elephant bird


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Related to elephant bird: moa

elephant bird,

extinct, flightless bird of the family Aepyornithidae. Once native to the island of Madagascar, these gigantic birds may have survived until as late as 1649. Today, they are known only from bone specimens and a few well-preserved eggs. In appearance they are thought to have resembled monstrous ostriches, with the largest reaching heights of up to 10 ft (305 cm) and weighing perhaps as much as 1,000 lb (455 kg). Their eggs, the largest single cells in the animal kingdom, measured up to 13 in. (33 cm) in length and held a liquid content estimated at two gallons (7.5 liters). It is quite possible that the creation of the legendary roc of the Arabian Nights was based on discoveries of such eggs or even on distant memories of the elephant bird, for, if the roc legend did not originate in Madagascar, it has long been localized there by tradition. The largest of the elephant birds, Aepyornis maximus, was also the heaviest of all known birds. Elephant birds probably became extinct at the same time as the moas. Elephant birds are classified in the phylum ChordataChordata
, phylum of animals having a notochord, or dorsal stiffening rod, as the chief internal skeletal support at some stage of their development. Most chordates are vertebrates (animals with backbones), but the phylum also includes some small marine invertebrate animals.
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, subphylum Vertebrata, class Aves, order Aepyornithiformes, family Aepyornithidae.
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References in periodicals archive ?
Until now, the largest-ever elephant bird was described in 1894 by the British scientist C.W.
But how much of a role did humans really play in the decline of the elephant bird? A new study raises more questions.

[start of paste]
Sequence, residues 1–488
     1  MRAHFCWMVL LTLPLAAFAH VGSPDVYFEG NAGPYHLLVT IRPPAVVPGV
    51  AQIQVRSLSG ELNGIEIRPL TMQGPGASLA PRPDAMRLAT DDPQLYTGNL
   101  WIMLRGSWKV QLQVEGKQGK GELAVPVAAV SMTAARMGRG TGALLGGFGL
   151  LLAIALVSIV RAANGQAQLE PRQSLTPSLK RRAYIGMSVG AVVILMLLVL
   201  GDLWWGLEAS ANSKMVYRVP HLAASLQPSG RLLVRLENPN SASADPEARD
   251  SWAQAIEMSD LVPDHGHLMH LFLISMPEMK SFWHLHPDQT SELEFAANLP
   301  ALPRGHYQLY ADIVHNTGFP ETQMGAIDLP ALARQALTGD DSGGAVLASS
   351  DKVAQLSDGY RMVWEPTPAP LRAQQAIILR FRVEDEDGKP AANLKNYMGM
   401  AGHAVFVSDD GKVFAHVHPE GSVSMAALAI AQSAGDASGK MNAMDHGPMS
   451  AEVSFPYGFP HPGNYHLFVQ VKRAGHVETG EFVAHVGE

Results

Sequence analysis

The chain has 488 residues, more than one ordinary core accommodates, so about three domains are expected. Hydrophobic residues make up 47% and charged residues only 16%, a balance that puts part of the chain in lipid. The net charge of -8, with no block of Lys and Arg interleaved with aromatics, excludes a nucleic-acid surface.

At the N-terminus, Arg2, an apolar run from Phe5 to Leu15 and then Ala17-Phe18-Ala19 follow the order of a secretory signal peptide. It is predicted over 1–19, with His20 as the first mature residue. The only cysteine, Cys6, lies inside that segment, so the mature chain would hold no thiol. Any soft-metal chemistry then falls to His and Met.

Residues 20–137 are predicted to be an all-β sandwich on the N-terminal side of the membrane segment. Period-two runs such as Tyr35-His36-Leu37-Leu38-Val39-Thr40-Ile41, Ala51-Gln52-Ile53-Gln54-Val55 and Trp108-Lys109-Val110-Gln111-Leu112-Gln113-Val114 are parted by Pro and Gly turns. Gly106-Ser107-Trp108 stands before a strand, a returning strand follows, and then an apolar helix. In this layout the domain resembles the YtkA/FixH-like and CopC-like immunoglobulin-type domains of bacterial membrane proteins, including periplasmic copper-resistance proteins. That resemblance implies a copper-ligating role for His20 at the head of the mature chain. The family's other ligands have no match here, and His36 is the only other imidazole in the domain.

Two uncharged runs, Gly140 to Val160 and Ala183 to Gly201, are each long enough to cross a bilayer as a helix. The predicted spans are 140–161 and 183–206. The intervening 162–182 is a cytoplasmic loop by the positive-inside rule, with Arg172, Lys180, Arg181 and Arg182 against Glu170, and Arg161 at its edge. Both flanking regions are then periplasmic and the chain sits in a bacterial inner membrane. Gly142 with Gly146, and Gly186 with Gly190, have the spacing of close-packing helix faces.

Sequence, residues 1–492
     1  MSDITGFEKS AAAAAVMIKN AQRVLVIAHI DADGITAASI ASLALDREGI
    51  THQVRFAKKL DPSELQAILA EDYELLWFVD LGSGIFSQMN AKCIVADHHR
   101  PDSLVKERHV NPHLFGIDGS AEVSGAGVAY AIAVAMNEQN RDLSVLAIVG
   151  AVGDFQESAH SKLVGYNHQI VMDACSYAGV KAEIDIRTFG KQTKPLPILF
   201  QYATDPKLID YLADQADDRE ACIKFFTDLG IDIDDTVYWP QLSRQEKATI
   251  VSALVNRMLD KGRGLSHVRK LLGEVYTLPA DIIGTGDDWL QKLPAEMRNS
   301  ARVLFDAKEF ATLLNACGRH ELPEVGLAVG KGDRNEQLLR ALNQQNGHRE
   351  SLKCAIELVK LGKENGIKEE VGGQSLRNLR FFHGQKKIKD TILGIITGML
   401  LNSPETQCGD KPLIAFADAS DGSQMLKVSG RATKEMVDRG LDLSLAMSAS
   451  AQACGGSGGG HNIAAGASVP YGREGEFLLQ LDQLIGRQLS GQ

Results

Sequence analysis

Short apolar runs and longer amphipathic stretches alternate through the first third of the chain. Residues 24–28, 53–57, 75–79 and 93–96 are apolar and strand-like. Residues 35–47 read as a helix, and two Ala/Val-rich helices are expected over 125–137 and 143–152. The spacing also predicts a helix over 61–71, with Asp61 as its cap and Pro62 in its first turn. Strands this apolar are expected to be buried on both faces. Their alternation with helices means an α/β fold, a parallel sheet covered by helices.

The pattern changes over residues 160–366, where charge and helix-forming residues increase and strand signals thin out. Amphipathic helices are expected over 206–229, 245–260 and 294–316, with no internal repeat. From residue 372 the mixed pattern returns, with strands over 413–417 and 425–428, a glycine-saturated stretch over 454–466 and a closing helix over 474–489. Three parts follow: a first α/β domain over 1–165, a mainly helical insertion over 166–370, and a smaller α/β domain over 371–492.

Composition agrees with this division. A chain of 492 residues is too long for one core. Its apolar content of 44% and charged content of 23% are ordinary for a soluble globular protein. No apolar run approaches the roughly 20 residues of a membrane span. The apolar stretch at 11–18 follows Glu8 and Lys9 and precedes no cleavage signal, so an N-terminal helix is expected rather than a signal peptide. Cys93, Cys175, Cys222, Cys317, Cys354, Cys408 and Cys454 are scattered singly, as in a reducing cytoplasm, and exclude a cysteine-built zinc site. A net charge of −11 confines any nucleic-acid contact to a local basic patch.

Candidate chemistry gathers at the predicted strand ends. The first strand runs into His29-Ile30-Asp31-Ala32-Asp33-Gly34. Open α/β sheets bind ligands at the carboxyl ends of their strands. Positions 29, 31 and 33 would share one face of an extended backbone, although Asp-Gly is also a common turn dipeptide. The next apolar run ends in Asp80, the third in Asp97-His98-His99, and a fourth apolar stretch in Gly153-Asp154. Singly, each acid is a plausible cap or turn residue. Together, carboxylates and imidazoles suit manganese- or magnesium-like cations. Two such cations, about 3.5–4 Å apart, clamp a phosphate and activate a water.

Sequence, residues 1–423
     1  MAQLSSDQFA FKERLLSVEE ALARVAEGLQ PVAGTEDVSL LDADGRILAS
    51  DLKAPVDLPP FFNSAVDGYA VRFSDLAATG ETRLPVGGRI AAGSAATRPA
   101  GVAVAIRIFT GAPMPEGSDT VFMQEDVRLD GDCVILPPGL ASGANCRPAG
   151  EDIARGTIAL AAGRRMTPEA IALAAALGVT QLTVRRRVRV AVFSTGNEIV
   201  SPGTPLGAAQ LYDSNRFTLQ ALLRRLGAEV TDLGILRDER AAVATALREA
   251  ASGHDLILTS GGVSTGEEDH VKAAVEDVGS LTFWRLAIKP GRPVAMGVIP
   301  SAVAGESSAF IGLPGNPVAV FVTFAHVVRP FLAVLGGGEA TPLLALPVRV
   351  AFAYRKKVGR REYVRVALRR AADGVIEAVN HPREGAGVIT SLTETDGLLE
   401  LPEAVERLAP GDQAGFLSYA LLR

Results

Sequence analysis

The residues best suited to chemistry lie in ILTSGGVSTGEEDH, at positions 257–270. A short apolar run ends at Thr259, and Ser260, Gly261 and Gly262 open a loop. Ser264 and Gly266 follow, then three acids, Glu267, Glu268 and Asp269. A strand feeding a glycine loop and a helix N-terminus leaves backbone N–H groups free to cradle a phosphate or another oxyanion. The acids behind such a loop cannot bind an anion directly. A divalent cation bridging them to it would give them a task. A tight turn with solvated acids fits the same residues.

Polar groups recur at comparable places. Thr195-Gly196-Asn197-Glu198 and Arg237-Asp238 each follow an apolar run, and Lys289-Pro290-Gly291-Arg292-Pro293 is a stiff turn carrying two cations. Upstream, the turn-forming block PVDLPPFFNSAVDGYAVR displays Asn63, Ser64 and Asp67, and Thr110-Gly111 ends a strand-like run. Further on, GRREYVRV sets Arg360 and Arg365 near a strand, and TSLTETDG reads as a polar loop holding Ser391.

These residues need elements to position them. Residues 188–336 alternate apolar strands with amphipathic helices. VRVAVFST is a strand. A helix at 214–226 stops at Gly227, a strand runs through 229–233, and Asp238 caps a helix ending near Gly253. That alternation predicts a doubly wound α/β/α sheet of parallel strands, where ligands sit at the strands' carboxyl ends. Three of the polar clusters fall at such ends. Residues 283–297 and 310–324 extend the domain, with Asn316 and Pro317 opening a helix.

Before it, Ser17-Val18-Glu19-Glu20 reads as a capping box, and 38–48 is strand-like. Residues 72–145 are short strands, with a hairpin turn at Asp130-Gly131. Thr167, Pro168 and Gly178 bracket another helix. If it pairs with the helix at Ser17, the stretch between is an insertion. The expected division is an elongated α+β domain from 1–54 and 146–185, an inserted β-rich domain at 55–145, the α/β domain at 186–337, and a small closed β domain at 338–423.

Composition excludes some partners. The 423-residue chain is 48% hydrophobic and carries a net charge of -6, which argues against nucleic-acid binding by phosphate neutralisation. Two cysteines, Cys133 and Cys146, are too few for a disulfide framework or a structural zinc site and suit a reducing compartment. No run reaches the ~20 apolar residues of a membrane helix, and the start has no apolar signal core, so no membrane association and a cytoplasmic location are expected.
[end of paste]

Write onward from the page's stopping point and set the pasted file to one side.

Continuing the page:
The elephant bird egg is expected to fetch up to Au30,000 when it goes under the hammer on April 24.
Follow-up studies by radiography experts not only confirmed the authenticity of the museum egg, but, also revealed it had the sub-fossilized embryo of a baby elephant bird inside.
In searching for more clues about the elephant bird, Sir David investigates whether the story of its extinction can throw light on what is happening on the island today.
Here, David returns to Madagascar to see how the island has changed in the past 50 years and to search for more clues about the amazing elephant bird, which was something like a giant ostrich, weighing half a ton.
Researchers believe New Zealand's kiwi and Madagascar's elephant bird descended from a small flying bird which may have flown from Antarctica long ago.
The (http://www.christies.com/lotfinder/fossils-minerals/an-elephant-bird-egg-madagascar-pre-17th-century-5672781-details.aspx?from=salesummary&intObjectID=5672781&sid=78b3dddb-e92c-4e52-a1df-e1ef5dc653a5#top) elephant bird egg measures 8 A3/4 in.
A dodo bone and an elephant bird egg are among the objects leading a natural history sale at Christie's auctioneers in April.
The researchers' breakthrough also included recovery of DNA from the egg of the elephant bird of Madagascar, New Scientist reported.
When researchers at the University of Texas at Austin recently performed a computerized tomography (CT) scan of an unbroken elephant bird egg, they discovered a tiny, dismembered skeleton.